The only sticking point is that it sounds like e.g. the Lhotse (and others that I can see so far) wouldn't be long enough to fit over a down jacket. Trying to work out how essentially this is - if e.g. I might eventually get round to buying a winter coat that would make this less important, but I think I'd prefer to an all-rounder to have that option of wearing it over the down jacket... Hmmm.. Presumably you don't find this to be an issue?
This looks like another greaf option. Slightly uncertain about the water resistant thing rather than waterproof but the reviews I've read don't seem to think this is an issue... The breathability and durability sound v good. Also wasn't expecting a reply with a brand that's a worker co-op - that's v nice! Again main sticking point with it is that it sounds like it wouldn't fit over a down jacket... Is the idea that if it's cold enough to want a down jacket on underneath that you'd also want a heavier weight shell...?
Paramo is fully waterproof. Some people on here sometimes disagree with that but if I want to stay comfortable on a really minging day it's what I wear.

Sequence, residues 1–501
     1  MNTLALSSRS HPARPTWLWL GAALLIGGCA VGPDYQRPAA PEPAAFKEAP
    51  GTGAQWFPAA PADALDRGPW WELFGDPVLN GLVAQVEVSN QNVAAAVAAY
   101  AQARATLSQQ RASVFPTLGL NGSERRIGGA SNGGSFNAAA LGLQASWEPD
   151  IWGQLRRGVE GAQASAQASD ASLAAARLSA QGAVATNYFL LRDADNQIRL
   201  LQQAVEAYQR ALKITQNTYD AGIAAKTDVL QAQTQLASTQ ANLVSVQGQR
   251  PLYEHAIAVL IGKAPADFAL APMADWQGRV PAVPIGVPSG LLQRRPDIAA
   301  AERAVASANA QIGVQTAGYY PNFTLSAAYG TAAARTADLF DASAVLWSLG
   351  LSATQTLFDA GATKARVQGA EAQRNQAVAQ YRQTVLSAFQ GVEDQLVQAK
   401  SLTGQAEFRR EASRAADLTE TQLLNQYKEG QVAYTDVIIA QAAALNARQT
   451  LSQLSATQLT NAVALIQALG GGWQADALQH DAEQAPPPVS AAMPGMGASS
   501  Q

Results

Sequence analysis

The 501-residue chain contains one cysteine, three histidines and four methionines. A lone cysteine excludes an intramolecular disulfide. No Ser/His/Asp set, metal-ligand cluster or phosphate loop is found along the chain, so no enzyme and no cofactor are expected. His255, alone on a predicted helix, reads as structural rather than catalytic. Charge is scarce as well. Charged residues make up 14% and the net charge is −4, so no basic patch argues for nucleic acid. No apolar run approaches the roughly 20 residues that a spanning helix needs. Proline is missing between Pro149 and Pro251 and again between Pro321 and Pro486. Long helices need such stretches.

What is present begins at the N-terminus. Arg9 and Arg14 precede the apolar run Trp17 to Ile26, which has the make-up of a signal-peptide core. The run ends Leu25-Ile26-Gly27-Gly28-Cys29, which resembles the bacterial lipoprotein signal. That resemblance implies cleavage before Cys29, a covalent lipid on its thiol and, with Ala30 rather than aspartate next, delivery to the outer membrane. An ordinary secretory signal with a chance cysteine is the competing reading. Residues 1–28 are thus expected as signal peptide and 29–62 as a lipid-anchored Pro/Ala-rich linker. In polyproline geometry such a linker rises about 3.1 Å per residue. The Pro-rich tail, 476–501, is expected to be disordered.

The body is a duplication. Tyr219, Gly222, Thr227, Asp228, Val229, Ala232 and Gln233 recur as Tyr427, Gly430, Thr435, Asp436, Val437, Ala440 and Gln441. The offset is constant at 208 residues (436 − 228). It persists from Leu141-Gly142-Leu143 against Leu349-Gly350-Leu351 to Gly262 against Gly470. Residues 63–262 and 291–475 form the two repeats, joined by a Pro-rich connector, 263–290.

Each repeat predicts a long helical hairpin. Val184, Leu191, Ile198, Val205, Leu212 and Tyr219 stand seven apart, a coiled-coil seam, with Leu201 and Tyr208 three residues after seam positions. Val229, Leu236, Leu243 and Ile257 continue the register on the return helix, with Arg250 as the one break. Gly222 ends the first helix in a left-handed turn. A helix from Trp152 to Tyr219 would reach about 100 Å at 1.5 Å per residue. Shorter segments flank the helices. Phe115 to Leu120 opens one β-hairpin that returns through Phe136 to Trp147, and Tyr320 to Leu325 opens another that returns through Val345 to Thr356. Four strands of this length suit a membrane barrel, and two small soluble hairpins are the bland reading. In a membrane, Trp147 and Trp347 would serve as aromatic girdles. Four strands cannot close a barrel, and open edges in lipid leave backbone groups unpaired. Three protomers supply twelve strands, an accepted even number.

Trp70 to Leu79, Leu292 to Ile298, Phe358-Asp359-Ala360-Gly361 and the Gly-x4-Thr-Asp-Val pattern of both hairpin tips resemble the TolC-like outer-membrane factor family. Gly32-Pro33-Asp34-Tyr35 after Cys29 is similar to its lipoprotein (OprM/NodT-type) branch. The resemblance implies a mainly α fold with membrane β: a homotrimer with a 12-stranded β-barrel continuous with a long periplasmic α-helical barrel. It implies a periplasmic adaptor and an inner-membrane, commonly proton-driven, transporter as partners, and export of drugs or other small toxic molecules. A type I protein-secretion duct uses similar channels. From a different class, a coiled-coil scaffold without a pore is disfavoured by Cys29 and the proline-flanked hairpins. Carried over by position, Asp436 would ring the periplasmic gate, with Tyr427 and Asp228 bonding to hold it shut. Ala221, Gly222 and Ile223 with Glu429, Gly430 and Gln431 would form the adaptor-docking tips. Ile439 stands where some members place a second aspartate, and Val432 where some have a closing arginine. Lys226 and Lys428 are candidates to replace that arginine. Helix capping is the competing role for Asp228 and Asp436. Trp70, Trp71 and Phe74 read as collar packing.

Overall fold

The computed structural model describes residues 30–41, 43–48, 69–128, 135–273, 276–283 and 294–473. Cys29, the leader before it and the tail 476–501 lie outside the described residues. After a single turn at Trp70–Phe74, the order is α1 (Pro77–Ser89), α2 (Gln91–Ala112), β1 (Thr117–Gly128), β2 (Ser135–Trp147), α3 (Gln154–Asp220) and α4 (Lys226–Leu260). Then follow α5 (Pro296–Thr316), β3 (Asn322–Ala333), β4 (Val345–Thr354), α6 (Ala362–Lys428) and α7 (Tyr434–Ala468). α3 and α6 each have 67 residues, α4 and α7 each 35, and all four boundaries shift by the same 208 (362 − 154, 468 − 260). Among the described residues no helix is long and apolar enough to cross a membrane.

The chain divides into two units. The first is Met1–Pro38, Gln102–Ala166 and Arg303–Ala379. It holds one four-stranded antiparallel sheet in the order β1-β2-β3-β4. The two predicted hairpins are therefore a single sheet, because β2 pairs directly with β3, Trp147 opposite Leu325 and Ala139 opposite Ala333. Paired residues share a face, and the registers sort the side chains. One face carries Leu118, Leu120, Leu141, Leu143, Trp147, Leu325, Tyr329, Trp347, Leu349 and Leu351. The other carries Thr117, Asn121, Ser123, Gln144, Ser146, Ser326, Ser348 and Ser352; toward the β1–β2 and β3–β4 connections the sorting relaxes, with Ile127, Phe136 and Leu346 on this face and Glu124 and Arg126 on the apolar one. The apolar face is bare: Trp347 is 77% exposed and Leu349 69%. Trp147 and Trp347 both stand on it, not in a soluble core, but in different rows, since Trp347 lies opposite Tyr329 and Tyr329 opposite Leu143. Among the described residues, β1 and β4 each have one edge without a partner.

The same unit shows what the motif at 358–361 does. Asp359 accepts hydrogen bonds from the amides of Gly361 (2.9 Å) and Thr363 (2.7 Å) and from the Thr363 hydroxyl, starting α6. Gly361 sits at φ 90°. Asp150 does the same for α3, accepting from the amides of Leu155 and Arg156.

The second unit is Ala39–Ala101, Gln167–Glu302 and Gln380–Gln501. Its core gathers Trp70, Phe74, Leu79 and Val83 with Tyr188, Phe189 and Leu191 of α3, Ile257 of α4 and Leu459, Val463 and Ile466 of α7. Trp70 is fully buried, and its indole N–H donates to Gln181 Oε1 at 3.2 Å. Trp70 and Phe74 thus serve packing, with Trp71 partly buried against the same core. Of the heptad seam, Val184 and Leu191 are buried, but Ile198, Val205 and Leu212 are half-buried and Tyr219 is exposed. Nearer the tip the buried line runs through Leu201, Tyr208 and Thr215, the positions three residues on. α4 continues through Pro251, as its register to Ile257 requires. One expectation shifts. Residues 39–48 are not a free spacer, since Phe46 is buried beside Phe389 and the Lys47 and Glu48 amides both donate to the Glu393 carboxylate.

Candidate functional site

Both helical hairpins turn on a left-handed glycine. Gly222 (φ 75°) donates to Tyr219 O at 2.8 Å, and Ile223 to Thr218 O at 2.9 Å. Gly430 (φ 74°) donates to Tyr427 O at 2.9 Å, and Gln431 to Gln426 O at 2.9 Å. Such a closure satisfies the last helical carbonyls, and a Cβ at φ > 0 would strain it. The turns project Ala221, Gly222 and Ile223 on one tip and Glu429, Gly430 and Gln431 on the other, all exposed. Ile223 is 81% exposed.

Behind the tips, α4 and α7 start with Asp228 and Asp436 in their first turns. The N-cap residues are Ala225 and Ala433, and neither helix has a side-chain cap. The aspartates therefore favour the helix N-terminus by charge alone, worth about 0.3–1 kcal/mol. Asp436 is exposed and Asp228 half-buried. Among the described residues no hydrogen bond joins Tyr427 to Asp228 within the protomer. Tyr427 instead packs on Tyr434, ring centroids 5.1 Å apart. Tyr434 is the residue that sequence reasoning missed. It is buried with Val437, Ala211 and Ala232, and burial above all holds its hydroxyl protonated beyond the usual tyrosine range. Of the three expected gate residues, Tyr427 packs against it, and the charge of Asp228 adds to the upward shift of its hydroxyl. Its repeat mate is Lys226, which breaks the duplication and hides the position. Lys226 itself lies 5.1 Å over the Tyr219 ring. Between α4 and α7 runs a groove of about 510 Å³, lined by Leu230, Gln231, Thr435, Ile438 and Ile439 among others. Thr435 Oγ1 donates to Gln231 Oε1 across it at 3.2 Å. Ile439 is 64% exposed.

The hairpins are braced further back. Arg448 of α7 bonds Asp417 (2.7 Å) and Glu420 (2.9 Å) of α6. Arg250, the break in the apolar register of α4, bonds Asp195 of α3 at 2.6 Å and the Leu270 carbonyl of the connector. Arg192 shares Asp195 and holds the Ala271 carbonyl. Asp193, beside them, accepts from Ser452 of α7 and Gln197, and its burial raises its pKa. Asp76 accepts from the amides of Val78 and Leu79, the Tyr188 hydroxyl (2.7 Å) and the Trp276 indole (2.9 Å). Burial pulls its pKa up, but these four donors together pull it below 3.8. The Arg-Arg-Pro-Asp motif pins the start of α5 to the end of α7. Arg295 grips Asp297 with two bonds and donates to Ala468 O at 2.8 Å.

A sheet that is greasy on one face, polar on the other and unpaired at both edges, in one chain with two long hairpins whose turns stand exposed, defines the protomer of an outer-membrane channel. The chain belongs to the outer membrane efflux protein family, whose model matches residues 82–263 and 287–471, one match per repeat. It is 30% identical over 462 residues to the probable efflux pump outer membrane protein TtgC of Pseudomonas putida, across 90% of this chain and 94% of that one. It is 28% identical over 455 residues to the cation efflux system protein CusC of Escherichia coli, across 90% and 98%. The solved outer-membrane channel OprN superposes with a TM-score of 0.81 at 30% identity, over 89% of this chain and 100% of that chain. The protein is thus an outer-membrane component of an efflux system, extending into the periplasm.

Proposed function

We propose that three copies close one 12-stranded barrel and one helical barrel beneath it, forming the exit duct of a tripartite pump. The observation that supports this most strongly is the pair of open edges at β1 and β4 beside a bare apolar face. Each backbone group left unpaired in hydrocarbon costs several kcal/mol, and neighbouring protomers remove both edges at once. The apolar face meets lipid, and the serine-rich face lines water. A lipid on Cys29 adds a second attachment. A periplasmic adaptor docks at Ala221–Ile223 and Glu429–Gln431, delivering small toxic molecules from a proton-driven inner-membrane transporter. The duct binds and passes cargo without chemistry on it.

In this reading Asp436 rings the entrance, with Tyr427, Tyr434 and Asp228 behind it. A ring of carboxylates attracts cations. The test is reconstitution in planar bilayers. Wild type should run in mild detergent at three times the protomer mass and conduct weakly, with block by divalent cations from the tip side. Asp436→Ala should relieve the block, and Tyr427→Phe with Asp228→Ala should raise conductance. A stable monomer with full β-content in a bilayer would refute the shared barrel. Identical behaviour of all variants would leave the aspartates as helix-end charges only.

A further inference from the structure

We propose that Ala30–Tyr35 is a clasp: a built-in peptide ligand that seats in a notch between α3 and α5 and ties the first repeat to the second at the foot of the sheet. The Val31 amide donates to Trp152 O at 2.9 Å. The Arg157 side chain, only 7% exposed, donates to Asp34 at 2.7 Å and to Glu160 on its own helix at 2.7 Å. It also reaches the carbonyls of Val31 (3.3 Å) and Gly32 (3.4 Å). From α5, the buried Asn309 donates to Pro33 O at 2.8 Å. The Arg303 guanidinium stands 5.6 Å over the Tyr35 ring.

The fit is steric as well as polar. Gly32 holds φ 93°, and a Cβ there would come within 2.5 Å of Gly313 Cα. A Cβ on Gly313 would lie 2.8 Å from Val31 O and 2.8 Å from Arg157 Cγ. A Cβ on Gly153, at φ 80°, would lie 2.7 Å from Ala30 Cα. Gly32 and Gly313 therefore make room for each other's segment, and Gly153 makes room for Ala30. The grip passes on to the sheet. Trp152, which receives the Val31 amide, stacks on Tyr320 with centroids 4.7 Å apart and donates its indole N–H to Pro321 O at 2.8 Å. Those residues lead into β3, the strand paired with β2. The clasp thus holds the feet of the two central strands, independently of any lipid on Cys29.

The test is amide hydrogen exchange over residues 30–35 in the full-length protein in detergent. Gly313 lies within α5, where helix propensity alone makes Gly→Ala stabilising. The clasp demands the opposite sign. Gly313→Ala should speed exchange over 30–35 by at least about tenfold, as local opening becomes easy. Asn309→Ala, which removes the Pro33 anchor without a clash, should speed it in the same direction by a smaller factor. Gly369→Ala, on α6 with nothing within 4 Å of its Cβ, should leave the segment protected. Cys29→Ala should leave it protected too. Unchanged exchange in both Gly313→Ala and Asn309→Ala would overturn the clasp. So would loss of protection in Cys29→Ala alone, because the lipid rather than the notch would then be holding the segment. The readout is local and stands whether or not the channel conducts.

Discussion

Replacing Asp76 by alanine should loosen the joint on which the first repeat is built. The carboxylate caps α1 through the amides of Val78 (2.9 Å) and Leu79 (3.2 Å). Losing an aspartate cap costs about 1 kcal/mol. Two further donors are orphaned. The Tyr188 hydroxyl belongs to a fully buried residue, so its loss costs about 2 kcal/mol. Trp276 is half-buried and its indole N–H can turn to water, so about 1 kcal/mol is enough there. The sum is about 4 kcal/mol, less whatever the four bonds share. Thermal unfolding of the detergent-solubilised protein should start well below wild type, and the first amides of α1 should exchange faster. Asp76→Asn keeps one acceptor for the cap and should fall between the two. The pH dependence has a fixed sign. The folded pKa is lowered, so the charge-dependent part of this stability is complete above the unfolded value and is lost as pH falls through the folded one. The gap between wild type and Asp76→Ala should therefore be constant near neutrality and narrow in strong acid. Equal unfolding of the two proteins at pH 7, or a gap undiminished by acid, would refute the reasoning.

I'd never wear a down jacket under a waterproof - it'd compress the down and you'd lose most of the benefit. The insulating nature of down comes from its loft. If you're wearing waterproofs and you want a thin insulating layer underneath look at something like polartec alpha or just a waffle fleece, and if you want more warmth than that (ie too much to do much aerobic work) put a synthetic belay jacket over the top of your waterproof.
RRP is £250 but hunt around and you should find one for £200 or less. As weatherproof as you'll ever get, and slightly longer so the rain doesn't just run off the jacket into your crotch like many jackets do
Hard shell prices have gone up massively in the last 10 years, with most serious brands offering goretex pro fabric jackeks in excess of £400.
Luckily there are just as many cheaper jackets from the same brands using other fabrics such are pertex. On paper the cheaper fabrics are inferior interns of breathability but you will likely see a big improvement in comfort over an aged Decathlon jacket. IMO the pertex on offer now are on a par with the top end jackets of 10-15 years ago.
Personally I use my cheaper, lightweight jackets most of the time and save the heavy duty goretex (with reinforced shoulder areas) for winter days with a heavy sack.
Shop around and you'll likely find some bargains, but if you can, buy from an independent shop and keep them in business against the big boys
(Bear in mind that I've collated comments about Paramo in general, so different jackets etc will vary a bit on some details)
Mostly very durable and very repairable. Lifetime guarantee.
For a lot of people, much more comfortable, breathable and less plasticky than Goretex.
For most, it's warmer than other shells - seems good for temperature apart from summer. For some it can manage summer too. For some it’s too hot even outside of summer.
Seems very good for people who sweat a lot as gets rid of water moisture/vapour much better than Goretex/membrane.